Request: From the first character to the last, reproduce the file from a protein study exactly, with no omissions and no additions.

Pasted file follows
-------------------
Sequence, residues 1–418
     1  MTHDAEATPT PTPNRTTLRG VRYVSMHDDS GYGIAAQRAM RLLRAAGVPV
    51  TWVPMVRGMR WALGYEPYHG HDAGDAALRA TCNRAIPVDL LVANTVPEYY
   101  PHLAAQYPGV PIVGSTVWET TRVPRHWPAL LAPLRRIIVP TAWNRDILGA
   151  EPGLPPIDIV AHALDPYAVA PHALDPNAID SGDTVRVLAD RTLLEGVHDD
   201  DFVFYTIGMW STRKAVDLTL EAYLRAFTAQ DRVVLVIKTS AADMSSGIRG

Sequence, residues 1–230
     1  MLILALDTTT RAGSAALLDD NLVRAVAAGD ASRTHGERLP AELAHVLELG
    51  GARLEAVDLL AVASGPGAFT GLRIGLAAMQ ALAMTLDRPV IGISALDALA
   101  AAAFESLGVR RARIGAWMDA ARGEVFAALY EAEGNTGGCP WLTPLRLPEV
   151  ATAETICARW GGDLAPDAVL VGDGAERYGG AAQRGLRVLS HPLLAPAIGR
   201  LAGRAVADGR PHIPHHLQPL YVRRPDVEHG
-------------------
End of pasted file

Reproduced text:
Sequence, residues 1–418
     1  MTHDAEATPT PTPNRTTLRG VRYVSMHDDS GYGIAAQRAM RLLRAAGVPV
    51  TWVPMVRGMR WALGYEPYHG HDAGDAALRA TCNRAIPVDL LVANTVPEYY
   101  PHLAAQYPGV PIVGSTVWET TRVPRHWPAL LAPLRRIIVP TAWNRDILGA
   151  EPGLPPIDIV AHALDPYAVA PHALDPNAID SGDTVRVLAD RTLLEGVHDD
   201  DFVFYTIGMW STRKAVDLTL EAYLRAFTAQ DRVVLVIKTS AADMSSGIRG

Sequence, residues 1–230
     1  MLILALDTTT RAGSAALLDD NLVRAVAAGD ASRTHGERLP AELAHVLELG
    51  GARLEAVDLL AVASGPGAFT GLRIGLAAMQ ALAMTLDRPV IGISALDALA
   101  AAAFESLGVR RARIGAWMDA ARGEVFAALY EAEGNTGGCP WLTPLRLPEV
   151  ATAETICARW GGDLAPDAVL VGDGAERYGG AAQRGLRVLS HPLLAPAIGR
   201  LAGRAVADGR PHIPHHLQPL YVRRPDVEHG